Regimes of Compressible Flow

For steady, inviscid and adiabatic flows, Bernoulli’s law is

У 2

H = h + — = C (12.1)

where C is constant along a streamline and h = CpT for a perfect gas.

The above relation can be rewritten in terms of the speed of sound (a2 = y RT) as

y 2 + 2 a2 = const = y2ax (12.2)

Y – 1

where ymax is the maximum possible velocity in the fluid (where the absolute temperature is zero) corresponding to the escape velocity when the fluid is expanded to vacuum (Fig. 12.1).

© Springer Science+Business Media Dordrecht 2015 399

J. J. Chattot and M. M. Hafez, Theoretical and Applied Aerodynamics,

DOI 10.1007/978-94-017-9825-9_12

Fig. 12.1 Reentry capsule flow (from history. nasa. gov)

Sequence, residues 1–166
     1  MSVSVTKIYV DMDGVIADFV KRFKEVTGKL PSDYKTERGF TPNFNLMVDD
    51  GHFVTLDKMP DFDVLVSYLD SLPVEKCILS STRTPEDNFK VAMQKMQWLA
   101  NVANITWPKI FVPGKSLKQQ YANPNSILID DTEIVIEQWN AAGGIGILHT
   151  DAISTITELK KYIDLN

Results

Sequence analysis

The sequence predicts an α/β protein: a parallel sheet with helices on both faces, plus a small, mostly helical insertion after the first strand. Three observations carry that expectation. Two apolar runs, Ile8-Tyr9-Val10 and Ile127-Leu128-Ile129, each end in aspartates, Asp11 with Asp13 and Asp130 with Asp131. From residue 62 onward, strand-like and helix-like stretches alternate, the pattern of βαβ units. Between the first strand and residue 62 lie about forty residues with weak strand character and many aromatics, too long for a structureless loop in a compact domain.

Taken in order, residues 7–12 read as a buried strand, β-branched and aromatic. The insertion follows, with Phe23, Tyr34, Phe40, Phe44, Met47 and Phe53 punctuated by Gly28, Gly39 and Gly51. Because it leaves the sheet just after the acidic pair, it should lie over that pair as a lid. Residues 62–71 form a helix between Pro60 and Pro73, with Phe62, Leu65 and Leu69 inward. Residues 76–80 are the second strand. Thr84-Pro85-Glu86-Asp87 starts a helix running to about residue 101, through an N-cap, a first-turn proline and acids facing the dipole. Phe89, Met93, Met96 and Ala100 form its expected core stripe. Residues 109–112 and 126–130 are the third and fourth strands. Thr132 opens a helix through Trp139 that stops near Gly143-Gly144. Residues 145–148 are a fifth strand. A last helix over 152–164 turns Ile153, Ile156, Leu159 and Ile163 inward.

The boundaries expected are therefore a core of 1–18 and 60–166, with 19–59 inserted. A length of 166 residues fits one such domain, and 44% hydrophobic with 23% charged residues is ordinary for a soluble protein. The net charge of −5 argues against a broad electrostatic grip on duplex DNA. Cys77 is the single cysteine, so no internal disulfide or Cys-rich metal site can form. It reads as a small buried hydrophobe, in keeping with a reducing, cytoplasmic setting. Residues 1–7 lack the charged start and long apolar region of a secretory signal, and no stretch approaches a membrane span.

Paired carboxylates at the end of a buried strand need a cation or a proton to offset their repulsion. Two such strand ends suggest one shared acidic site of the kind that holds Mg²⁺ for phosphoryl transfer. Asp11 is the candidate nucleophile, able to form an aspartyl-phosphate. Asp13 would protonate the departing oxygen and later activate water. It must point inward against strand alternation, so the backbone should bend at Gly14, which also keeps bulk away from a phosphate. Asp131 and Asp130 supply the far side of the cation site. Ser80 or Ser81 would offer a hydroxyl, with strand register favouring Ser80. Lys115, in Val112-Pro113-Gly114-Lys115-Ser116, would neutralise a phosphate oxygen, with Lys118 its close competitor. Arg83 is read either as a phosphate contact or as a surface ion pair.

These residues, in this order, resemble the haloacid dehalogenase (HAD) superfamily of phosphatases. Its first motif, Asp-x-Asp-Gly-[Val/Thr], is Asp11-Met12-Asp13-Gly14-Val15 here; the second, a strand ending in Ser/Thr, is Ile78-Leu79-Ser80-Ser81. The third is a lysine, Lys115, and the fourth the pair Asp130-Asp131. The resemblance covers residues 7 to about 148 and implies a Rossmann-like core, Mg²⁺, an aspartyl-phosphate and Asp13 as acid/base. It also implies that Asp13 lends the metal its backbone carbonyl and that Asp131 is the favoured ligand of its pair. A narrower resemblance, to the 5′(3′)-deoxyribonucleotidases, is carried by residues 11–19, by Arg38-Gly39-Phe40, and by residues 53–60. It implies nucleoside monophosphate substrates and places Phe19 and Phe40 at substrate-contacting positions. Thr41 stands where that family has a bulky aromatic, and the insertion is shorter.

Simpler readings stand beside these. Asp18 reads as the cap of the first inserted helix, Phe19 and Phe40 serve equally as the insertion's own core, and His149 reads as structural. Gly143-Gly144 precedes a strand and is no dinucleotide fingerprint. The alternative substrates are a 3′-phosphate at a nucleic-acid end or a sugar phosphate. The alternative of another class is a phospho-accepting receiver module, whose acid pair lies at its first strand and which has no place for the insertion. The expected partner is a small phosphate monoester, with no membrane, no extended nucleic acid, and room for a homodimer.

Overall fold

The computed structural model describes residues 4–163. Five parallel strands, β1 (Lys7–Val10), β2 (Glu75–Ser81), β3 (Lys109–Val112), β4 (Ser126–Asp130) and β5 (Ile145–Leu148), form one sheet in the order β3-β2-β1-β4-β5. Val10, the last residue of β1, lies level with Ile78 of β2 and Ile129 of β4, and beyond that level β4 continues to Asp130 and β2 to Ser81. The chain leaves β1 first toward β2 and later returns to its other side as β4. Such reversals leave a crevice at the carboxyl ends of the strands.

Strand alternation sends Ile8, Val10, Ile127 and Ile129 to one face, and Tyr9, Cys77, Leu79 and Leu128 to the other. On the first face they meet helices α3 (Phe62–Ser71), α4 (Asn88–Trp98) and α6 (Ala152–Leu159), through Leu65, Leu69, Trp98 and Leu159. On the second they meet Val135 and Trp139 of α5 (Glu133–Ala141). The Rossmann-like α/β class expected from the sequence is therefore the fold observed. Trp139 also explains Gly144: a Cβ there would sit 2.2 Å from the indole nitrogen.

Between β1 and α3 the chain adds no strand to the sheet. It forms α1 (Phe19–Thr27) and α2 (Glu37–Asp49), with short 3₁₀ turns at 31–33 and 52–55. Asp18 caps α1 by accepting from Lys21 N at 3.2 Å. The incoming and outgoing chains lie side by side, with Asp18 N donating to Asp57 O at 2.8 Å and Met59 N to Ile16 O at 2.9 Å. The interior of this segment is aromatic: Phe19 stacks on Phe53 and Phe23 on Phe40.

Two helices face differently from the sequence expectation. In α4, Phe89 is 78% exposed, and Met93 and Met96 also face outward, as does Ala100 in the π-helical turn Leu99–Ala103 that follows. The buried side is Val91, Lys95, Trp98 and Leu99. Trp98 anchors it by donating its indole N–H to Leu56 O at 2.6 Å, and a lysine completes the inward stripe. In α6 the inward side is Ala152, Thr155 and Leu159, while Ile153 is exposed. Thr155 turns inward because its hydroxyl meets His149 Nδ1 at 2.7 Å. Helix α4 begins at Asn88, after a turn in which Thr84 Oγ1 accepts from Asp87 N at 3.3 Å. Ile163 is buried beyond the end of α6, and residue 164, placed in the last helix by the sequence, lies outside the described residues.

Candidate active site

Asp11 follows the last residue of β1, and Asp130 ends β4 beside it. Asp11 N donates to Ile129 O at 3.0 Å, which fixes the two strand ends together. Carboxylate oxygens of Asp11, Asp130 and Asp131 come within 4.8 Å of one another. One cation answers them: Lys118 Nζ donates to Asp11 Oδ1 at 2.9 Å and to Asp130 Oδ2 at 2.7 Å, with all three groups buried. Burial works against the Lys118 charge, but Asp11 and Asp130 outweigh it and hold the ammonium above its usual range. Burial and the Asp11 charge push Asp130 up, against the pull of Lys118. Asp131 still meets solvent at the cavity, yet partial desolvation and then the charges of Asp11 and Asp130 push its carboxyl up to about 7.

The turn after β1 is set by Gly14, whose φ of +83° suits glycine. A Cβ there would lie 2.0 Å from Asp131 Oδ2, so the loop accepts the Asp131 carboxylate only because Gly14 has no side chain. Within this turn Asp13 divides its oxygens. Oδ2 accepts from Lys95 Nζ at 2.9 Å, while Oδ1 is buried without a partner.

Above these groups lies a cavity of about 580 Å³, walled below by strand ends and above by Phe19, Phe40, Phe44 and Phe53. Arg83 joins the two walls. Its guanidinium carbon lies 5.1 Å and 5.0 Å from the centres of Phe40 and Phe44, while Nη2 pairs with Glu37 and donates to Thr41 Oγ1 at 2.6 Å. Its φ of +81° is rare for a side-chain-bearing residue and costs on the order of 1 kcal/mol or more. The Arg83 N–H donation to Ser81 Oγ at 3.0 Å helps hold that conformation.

Regimes of Compressible Flow

In the following sketch, the different regimes of compressible flow are identified and hence their physical characteristics are discussed, see Fig. 12.2.

(i) For incompressible flow M ^ 1, V ^ a and Aa ^ AV

Notice that


V AV + aAa = 0 (12.3)

7 – 1

Подпись: a Fig. 12.2 Regimes of compressible flow

(ii) For subsonic flow M < 1, V, a and |Aa| < IA V |

(iii) For supersonic flow M > 1, V > a and |Aa| > |AV|

(iv) For transonic flow M ~ 1, V ~ a and |Aa| ~ |AV|

(v) For hypersonic flow M > 1, V > a and |Aa| > |A V|

In hypersonic flow, changes in velocity are very small and the variations in Mach number are mainly due to changes in a.